hms iron duke

hms iron duke

Friday, 2 February 2018

Is the Defence of Britain now a Luxury?

“At present, the affordability gap ranges from a minimum of £4.9bn to £20.8bn if financial risks materialize and ambitious savings are not achieved”.

Mr Amas Morse, Head of the British National Audit Office

Alphen, Netherlands. 2 February.  What would be the ‘affordability gap’ if deterrence fails? Talk about recognising only as much threat as Britain can afford. A new report by London’s National Audit Office entitled The Equipment Plan 2016-2026 raises two fundamental questions: is the defence of Britain now a luxury, and can any British government forecasts any longer be relied upon?  Indeed, if one needs any further evidence that British government Brexit figures are more dodgy politics than sound forecasting one only has to see how Britain’s failing defence budget was creatively ‘made’ to meet the NATO 2% GDP defence investment guidelines.

The facts of the report make for sobering reading. The defence budget faces a possible £21bn ‘black hole’ over ten years. The Ministry of Defence did not include the cost of a planned fleet of 5 Type 31e frigates in its Equipment Plan (also published this week) and has no money to keep the fast-ageing Type 23 frigates at sea. The cost of the four Dreadnought-class nuclear ballistic missile submarines (SSBN) currently under construction has already risen some £576m above projections. There is also a £3.2bn gap in the funding of the support for future equipment and planned £8.1bn ‘efficiency savings’ have yet to be realized (strange how the number of defence civil servants remains stubbornly high).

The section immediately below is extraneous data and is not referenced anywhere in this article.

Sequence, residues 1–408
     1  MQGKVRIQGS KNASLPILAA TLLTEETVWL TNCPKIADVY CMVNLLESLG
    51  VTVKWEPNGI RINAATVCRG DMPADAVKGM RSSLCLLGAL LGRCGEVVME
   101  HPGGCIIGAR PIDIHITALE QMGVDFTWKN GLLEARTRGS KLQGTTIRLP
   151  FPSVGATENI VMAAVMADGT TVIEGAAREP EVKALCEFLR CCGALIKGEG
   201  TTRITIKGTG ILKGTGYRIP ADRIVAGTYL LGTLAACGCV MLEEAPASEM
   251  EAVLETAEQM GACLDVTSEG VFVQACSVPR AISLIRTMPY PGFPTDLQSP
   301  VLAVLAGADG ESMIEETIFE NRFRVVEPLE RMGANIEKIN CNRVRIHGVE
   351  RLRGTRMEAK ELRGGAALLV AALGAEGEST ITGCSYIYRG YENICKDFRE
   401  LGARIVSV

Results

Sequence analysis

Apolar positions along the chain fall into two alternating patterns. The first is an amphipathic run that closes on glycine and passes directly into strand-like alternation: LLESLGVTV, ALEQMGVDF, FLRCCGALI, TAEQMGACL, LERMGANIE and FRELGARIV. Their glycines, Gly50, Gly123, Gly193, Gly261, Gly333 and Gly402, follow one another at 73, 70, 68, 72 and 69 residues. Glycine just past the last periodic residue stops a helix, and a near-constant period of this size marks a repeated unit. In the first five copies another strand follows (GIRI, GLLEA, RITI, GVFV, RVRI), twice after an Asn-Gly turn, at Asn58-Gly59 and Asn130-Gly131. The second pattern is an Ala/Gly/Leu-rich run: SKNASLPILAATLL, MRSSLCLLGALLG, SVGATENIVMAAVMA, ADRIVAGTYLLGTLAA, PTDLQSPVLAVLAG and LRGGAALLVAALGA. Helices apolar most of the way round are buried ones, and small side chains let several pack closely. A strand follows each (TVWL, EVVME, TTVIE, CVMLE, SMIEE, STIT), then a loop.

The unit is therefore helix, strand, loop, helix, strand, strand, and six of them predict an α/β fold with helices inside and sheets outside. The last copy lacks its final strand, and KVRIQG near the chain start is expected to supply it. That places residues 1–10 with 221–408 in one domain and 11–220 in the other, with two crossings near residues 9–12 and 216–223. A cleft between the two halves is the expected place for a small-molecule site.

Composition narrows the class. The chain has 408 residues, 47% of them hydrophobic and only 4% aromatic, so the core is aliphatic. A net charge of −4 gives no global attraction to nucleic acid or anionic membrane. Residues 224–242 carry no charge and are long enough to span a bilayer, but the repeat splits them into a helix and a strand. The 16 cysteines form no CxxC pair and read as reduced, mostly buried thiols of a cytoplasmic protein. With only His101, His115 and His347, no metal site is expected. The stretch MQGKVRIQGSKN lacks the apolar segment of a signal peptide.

There has also been a failure to include £9.6bn of forecast costs in addition to the missing money for the Type 31e frigates. It also now seems very likely that the planned seventh Astute-class nuclear attack submarine (SSN) HMS Ajax (HMS Axed?) will not now be built.  This at a time when the Russians have commissioned 15 very capable Akula-class SSN, 2 super-capable Yasen-class SSN and 5 new Borei-class SSBN. Worse, having poured billions of pounds into the development of the F-35B Lightning II strike aircraft, and constructed two enormous 70,000 ton aircraft carriers around them, not only does the Ministry of Defence have no idea of the cost of supporting the aircraft in service, last week the Pentagon’s Director of Operational Testing described the plane as not ‘operationally suitable’.

In 2015 the Strategic Defence and Security Review (SDSR) set out a baseline plan for the minimal defence of Britain and the meeting of its defence commitments to NATO and others.  In so doing it added some £24bn of additional commitments to be realised over the 2015-2026 period. Since then there has been nothing but back-sliding and obfuscation from what were already bare-minimum commitments to a sound and credible defence.